The Dead Don't Die
Annie Mcintosh | 26/09/2019
The first word spoken in The Dead Don’t Die made me laugh out loud. Coming from the mouth of the local constabulary confronted with a gruesome scene, which may or may not be the result of some wild animals, “yuck” comes through like a weirdo’s welcome from our fav deadpanning director. Naturally, this isn’t just some arthouse film - it’s a personal message from Jim Jarmusch.
In this caper to purgatory, Chloë Sevigny, Bill Murray and Adam Driver are town cops in friendly Centerville where it appears that some former residents are unexpectedly around again. The setting of the sun is also delayed and generally things just seem… “weird”. (While the situation soon worsens, the commentary stays about the same.) Slowly the news filters through that due to polar fracking, the Earth’s axis has shifted, and it’s having a serious effect on nature. Chiefly - now the dead aren’t.
Compared to the steady totality of his previous film’s subject and vision (Paterson), Jarmusch hasn’t worked too hard on smoothing out the edges of his craft this time around. The Dead Don’t Die seems more a product of getting talented mates together and pressing record than a manifestation of a rigorous artistic process. There’s even a couple of scenes where characters hold tête-à-têtes about the script.
Of course, this doesn’t erode an iota of viewing pleasure.
Jarmusch’s slow and modal exposition – typically shown through his proclivity for strange but relatable drifts in dialogue, hokey catchphrases and overtly spotlighting his own current musical obsessions - crashes into the most urgent obsession of our time: ya know, the end of the world. But if anything, Jarmusch has responded by indulging conversational tangents and savouring artful takes.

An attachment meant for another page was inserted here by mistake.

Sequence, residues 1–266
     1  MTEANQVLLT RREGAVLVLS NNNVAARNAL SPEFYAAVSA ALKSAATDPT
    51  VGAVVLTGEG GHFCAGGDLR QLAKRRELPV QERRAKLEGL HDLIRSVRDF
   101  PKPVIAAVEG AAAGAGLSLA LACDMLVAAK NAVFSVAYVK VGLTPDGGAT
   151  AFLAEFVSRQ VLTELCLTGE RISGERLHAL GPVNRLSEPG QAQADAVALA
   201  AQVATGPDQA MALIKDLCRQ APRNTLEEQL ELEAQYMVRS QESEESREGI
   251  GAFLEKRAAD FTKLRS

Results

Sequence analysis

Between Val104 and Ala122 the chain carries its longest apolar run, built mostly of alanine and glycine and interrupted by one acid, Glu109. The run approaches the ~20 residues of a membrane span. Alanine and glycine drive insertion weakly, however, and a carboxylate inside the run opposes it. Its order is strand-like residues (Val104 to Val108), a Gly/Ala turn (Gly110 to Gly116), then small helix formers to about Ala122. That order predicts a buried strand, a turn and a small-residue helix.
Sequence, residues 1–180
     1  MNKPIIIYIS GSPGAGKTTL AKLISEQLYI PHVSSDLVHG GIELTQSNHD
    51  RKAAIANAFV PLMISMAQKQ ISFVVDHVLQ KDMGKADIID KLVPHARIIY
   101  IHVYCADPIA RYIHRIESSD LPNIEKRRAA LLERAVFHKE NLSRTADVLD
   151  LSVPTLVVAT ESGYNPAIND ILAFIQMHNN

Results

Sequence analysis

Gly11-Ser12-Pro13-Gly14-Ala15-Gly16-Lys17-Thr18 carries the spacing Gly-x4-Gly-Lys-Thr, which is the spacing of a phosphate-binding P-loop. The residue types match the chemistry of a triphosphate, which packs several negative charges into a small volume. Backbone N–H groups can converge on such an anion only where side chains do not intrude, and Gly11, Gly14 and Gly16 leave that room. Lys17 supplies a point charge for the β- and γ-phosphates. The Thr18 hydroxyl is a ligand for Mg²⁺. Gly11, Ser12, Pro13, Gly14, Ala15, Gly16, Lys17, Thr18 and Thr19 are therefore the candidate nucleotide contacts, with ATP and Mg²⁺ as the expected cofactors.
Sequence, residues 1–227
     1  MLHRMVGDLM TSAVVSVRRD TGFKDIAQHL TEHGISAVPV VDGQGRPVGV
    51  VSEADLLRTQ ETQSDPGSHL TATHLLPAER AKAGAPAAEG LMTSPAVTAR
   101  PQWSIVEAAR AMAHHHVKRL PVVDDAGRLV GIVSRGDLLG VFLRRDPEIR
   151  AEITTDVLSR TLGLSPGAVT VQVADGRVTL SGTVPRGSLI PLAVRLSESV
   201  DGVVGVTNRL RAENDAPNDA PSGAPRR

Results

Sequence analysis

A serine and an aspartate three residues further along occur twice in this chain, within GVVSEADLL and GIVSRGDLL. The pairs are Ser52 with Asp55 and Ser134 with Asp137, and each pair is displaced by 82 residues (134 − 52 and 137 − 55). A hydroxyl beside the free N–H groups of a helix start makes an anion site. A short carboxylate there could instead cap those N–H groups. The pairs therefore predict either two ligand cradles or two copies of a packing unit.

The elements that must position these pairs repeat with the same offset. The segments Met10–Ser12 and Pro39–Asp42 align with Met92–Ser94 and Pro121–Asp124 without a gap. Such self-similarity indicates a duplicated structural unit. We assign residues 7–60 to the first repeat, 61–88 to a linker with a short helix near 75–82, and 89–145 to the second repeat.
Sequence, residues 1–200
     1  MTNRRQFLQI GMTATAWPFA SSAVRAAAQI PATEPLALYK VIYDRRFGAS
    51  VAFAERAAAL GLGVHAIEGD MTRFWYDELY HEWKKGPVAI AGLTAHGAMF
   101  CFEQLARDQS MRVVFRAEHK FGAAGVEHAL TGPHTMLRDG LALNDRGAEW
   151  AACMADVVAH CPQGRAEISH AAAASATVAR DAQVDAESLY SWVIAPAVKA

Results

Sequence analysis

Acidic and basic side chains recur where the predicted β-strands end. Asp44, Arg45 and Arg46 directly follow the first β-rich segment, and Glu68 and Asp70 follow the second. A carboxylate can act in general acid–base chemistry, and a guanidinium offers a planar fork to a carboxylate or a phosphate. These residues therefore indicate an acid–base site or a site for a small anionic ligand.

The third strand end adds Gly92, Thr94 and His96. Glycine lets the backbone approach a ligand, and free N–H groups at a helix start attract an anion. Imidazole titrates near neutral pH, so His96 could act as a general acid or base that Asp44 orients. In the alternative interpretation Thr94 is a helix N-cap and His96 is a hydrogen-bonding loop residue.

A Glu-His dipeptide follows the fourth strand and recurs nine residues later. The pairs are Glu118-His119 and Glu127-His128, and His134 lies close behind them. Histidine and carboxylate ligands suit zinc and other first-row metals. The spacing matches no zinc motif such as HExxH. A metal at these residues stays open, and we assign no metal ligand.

In one scene Driver’s character squeals to a halt in the carpark of a local-diner-cum-crime-scene in a red Smart, the perfect antithesis to the American cinematic trope of the hero in a cool car (although not to worry cos Salima Gomez shows up in one later.) Seemingly for the somatic pleasure alone of watching the gorgeous mess of Driver’s blank face, his character intones to cop colleagues that his car “fits two quite nicely.” Actually.
There are zombies around but it’s less of a zombie movie than a philosophical response to humanity’s materialist death march. The undead drag their prior life’s obsessions around like personality substitutes as brainless demands for wifi and chardonnay creak from crushed vocal chords. Outside the general store a zombie Gen Z contingent kill for Red Bull.
These zombies are lethargic and, as former Centerville neighbours, ancestors or just visiting hipsters from Cleveland, deserve a little respect. As such they’re often only something to be swerved around on the road while discussing Sturgill Simpson’s latest album.
But slowly, in the face of futility, each character is rendered to an essence. Whether it be love, the good fight or the fruits of scientific observation, the enduring forms of human legacy are touched upon before, well, things end badly.
Go see it, even though you know what’s coming.